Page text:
thereupon ye alienor did take in his hands the rodd afforesaid and the same
did deliver into ye said steward in the name of a seizen(3) of such lands as
he did alienate, and the same surrendered
______________________________________________________________
(1)Rents of assize were fixed rents in contradistinction to variable rents
which might rise or fall.
(2)Gwesdva’ comprised provisions or a money payment in lieu thereof due to
the lord from the freeholders.
(3)Seisin in law, as distinguished from seisin in fact, which meant actual
delivery of the property, signifies something done which the law accounted
as a seisin, such as an enrolment.
______________________________________________________________
up unto the said steward to the use of ye alienee in fee simple without
condition or els(1) in mortgage as it was between them agreed ; and the
alienee immediately after the receipt of the said seizen should pay unto the
Queen’s Majestie 5s. in the name
f alienation, otherwise called in Welsh ‘Gwabar estin,'(2) to be leavied
there yearly by a certaine officer called ‘Relater,’ who hath the same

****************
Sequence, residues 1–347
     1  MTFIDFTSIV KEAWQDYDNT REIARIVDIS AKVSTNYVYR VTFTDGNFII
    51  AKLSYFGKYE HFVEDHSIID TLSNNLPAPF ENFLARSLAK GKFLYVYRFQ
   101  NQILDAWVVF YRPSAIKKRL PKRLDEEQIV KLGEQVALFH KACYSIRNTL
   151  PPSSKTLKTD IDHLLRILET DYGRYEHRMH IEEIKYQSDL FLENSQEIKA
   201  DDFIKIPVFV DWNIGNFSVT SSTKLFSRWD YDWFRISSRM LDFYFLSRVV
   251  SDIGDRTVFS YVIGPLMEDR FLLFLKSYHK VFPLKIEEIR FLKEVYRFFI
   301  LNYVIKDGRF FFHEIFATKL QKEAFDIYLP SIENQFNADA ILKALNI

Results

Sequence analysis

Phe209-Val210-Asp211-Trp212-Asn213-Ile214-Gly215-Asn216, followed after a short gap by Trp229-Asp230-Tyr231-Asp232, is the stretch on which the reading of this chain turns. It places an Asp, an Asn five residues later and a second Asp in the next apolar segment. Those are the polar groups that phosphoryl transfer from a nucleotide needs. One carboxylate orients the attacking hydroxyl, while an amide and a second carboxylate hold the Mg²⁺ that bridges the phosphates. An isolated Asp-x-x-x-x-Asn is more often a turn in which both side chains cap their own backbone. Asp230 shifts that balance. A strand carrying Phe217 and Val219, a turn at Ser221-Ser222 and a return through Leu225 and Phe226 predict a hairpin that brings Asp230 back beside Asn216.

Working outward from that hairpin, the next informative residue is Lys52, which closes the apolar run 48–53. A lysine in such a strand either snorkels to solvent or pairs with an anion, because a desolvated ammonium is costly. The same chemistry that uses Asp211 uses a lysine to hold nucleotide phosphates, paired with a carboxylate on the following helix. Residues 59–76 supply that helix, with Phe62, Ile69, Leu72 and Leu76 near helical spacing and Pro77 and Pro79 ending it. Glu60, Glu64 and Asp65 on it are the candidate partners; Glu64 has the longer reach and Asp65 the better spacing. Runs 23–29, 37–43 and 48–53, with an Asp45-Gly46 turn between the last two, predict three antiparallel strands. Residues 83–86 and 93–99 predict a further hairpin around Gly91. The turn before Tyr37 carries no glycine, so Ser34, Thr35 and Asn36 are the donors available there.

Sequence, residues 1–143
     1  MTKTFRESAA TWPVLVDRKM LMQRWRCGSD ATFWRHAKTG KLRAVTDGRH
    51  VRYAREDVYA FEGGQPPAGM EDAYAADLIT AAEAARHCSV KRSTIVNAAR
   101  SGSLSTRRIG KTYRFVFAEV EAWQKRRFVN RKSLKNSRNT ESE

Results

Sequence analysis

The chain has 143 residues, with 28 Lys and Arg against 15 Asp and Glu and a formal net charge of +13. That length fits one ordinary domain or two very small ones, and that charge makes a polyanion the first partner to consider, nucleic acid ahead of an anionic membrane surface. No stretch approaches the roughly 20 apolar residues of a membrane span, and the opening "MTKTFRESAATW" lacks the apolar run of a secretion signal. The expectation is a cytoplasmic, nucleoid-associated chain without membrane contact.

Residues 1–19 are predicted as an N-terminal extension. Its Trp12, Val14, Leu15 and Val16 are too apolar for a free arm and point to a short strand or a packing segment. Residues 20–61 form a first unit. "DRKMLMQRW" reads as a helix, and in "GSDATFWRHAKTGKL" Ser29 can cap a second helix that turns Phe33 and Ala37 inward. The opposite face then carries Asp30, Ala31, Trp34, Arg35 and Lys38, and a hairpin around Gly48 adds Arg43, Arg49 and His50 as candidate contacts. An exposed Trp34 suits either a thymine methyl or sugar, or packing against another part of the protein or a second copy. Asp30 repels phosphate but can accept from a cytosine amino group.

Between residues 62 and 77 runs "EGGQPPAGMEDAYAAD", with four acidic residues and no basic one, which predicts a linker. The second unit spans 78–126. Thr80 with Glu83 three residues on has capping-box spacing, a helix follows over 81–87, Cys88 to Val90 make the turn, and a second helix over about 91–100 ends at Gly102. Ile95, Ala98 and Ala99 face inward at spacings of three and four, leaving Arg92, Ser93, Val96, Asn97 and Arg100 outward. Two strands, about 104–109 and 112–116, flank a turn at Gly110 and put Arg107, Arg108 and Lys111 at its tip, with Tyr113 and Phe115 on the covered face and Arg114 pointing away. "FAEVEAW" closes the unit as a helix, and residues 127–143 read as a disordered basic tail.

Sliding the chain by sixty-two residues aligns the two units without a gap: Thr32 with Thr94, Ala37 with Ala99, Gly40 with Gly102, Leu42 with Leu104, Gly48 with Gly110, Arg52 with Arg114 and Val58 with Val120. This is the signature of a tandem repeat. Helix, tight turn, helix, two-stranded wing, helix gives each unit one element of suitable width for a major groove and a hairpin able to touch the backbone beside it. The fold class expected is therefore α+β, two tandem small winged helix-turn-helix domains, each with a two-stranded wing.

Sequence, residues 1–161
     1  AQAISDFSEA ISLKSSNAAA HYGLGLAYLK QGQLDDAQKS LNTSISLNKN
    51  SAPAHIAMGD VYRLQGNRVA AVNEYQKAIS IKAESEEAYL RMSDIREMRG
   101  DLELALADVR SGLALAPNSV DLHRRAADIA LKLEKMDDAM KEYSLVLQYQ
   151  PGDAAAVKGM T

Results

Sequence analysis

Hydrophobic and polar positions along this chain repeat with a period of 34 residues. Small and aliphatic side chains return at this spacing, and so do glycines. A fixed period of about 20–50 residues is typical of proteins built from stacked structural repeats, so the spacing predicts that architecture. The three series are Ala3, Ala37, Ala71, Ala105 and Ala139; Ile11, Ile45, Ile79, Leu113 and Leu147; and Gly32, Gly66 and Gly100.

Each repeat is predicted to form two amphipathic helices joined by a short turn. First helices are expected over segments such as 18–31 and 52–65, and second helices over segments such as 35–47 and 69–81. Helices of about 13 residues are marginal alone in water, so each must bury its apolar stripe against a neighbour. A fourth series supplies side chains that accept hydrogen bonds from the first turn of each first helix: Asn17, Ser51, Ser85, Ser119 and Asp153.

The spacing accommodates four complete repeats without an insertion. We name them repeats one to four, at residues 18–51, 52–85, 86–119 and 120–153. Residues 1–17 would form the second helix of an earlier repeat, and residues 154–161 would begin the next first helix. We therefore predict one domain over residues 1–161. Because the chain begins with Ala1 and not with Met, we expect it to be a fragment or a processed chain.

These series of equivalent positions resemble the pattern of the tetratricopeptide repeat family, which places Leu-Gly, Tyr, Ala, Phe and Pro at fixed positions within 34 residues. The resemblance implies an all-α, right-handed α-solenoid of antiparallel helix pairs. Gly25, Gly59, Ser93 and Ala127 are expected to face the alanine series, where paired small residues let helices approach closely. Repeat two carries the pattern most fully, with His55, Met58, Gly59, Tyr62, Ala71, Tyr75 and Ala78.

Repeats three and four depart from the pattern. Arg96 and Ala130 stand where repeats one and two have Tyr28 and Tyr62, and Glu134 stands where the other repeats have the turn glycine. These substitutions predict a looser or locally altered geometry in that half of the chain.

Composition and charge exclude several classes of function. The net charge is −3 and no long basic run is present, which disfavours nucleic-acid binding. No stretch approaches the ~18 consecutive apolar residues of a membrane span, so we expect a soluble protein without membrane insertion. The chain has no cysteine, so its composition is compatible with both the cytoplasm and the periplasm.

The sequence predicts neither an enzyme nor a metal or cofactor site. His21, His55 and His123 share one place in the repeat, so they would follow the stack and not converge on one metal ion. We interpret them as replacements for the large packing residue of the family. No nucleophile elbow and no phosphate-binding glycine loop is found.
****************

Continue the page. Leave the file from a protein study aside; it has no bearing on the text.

office by Patent or tearme of his life, and beareth yearly to the Queen’s
Majestie 20d.
Lands pleadable in the same Courte. Item. They say that all lands and
tenements within the said Courte were time out of mind pleadable and pleaded
before the said steward within the said Courte, likewise as it was in the
Courte of Widigade, Elvet, Mabel
w, and Mabedrid within ye said county or any other like courtes of ancient
demeane in England.
The Customs broken. Item. They say that all the said usages and customs were
used, accustomed and practised within the said Courte from time out of mind
untill about the 29th year of the reigne of the most noble prince of famous
memory, King Henry VIII.
sithence which time ye freeholders that were sith that time doe elienate(3)
and purchase the said lands by deed and release, not surrendring the same
rodd in Courte according to ye ancient use and custome afore declared, and
also do impleade and are imp
aded for ye said lands by writ att the Common Law before the Queen’s High